Why no press on Y(4140)?

Earlier this month, I came across  a healthy number of articles on the observation at Fermilab of a single top quark, produced by interactions involving the weak nuclear force.  As a scientist who dabbled in particle physics in graduate school, I still like to see what’s going in that field (if enough people ask, I may share the story of why I left particle physics).   The top quark, the heaviest of the set of six quarks, is typically produced in quark/anti-quark pairs via the strong nuclear force.  The production of a single top is a much rarer event and, although predicted theoretically, was very difficult to see and a great achievement.

I was surprised this week, though, to see (via StumbleUpon)  that Fermilab has made another, potentially more significant discovery: an unpredicted resonance with a mass of 4140 MeV (mega-electron volts).   I use the term “resonance” to describe an extremely short-lived “particle” which rapidly decays into other, less massive, components. This particle has been named “Y(4140)”, for lack of better description.  Dorigo at A Quantum Diaries Survivor has a good description of the physics.

The interesting thing about this discovery is that it is previously unpredicted “particle”.  Presumably it is still made of some combination of fundamental quarks and anti-quarks, but it is a combination which hasn’t been seen before, and the exact composition is still unknown.  The thing is, I haven’t seen much talk about Y(4140), in the press or the blogs.  Though the single top quark discovery was a monumental and significant achievement, I would have thought that Y(4140) would have garnered more attention.

Is there some reason I haven’t heard more about this?  Are unknown hadron resonances more common than I realize?  Am I just not reading the right physics blogs?  Any particle physicists want to weigh in?

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10 Responses to Why no press on Y(4140)?

  1. Markk says:

    It was on Ars Technica about the same time as the announcement, and I think I saw reference in more mainstream media. I thought it was not totally unexpected. There were other exited states that were similar. The term particle chemistry seems to apply. We are starting to look at excited states of hadrons of different kinds.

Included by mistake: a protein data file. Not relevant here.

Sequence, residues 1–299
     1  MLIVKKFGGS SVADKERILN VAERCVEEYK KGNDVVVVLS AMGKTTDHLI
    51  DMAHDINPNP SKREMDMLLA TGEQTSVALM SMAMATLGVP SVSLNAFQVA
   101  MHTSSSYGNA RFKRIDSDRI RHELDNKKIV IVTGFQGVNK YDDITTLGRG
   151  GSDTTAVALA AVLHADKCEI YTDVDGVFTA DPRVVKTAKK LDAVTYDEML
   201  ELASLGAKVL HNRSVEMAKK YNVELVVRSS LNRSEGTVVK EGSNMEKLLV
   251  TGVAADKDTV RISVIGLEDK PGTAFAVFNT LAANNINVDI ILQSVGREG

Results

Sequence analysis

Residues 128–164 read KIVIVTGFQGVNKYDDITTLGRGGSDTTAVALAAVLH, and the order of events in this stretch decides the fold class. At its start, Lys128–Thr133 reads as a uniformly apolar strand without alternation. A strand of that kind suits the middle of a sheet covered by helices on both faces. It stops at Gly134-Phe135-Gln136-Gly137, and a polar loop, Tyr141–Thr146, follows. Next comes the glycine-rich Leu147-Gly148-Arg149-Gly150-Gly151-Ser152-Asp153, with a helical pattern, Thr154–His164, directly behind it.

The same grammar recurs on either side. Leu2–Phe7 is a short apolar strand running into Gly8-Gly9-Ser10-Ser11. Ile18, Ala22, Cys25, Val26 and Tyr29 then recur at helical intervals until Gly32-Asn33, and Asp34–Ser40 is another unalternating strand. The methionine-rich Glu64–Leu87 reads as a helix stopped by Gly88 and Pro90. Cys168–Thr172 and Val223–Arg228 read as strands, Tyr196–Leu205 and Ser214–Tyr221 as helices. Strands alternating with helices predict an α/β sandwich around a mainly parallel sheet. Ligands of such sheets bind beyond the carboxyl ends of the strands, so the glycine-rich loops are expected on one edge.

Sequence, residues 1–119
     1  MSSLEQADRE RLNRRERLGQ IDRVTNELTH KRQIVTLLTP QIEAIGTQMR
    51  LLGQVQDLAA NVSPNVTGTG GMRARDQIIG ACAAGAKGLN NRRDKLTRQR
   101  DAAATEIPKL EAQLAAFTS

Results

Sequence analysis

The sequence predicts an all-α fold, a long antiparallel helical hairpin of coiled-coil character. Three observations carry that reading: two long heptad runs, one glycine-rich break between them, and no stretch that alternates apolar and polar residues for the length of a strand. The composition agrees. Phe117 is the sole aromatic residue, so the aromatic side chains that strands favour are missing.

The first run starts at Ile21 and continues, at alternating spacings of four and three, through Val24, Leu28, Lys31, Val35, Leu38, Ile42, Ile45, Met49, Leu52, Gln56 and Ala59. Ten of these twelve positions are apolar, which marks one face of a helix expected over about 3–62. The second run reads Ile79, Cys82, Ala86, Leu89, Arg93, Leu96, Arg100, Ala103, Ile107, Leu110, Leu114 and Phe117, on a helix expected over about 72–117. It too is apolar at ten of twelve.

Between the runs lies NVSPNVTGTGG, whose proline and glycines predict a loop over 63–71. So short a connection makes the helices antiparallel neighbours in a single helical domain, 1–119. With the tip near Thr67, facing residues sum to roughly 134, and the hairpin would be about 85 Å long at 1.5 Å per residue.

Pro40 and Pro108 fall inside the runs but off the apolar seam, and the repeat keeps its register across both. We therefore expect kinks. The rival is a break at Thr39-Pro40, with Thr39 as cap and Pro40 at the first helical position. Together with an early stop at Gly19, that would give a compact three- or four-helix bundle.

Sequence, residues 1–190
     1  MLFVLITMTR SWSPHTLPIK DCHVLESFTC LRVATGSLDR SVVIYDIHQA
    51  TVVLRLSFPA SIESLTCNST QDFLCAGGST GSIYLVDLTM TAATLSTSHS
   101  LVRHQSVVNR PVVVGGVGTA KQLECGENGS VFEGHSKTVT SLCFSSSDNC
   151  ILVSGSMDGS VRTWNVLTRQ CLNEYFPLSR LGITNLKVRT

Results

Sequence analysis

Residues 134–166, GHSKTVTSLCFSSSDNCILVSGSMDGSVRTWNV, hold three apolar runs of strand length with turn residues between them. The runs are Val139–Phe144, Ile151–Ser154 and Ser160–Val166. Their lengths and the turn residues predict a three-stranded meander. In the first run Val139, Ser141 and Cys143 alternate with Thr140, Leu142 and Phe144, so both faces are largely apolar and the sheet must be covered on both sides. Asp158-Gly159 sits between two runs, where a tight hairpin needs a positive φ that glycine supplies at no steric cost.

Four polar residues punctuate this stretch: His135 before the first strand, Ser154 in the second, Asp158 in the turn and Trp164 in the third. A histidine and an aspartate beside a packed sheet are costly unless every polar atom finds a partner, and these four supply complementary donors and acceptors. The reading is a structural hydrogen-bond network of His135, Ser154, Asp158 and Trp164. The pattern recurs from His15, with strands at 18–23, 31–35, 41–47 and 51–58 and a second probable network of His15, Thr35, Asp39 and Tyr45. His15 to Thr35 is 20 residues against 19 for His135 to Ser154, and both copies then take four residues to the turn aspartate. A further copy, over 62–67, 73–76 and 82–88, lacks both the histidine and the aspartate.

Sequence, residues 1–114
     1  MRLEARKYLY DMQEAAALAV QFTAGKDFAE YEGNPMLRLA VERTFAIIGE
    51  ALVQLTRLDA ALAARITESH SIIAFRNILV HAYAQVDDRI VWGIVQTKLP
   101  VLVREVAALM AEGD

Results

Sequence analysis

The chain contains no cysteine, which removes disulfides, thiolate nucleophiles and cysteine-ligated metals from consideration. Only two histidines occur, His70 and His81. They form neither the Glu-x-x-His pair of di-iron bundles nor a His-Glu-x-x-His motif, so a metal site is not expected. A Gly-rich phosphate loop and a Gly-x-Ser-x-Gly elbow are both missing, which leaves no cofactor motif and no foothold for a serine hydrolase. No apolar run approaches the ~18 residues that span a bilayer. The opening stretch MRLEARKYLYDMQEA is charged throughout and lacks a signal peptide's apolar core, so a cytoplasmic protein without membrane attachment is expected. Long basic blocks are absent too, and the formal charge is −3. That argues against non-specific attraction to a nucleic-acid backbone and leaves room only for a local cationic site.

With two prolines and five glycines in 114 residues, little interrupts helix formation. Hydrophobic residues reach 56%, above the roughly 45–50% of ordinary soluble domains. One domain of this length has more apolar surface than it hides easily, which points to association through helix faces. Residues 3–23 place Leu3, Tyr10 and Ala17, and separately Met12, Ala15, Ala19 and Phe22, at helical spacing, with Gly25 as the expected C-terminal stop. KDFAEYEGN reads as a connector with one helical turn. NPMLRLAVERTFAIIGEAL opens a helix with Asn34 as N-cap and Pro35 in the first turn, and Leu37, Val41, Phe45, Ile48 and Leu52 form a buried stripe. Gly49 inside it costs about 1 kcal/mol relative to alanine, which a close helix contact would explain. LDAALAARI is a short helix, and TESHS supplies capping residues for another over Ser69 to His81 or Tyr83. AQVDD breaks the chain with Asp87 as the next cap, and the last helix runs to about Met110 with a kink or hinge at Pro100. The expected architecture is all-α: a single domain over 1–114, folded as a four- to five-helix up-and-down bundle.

2. Blake Stacey says:

    I saw it on symmetry breaking, a Fermilab/SLAC blog.

  3. “(if enough people ask, I may share the story of why I left particle physics)”

    OK — First one. I’m asking!

  4. Blake Stacey says:

    I think tomorrow would be the perfect day to post (a version of) the story of why you left particle physics.

  5. simplicio says:

    Particle Physics killed your father, and you swore by his deathbed you would never have anything to do with it again?

  6. Dr. SkullStars wrote: “…if enough people ask, I may share the story of why I left particle physics.”

    “Ask”?

    Let’s make that demand!

    And we’ll demand like toddlers with speech impediments!

    “Unka SkullStars, teww us de stowy about y u weft pawtico fizzies! Teww us about de TOOOOOB!”

    [Now everybody chime in]

    TOOOB! TOOOB! TOOOOOOOOOOOB!

    [I love this story because it’s the only one in which you follow me into a career path, rather than vice-versa.]

  7. Thales says:

    “(if enough people ask, I may share the story of why I left particle physics)”

    One more person asking!

  8. MP says:

    I see that everyone is interested in some trivia about your career decisions.

    I would love to have you discuss my theory. It is presented in this blog http://hypergeometricaluniverse.blogspot.com

    I haven’t been able to obtain any thoughtful review of my ideas.

    As you know, if your ideas are obviously wrong it is very easy to find a nasty reviewer. If the proposed ideas might be correct, there will never be anyone to stick their neck to defend them. There is no benefit (other than scientific integrity..>:)

    You seem to be in a aimless discussion path which might get enriched by a meaty subject.

    Cheers,

    MP

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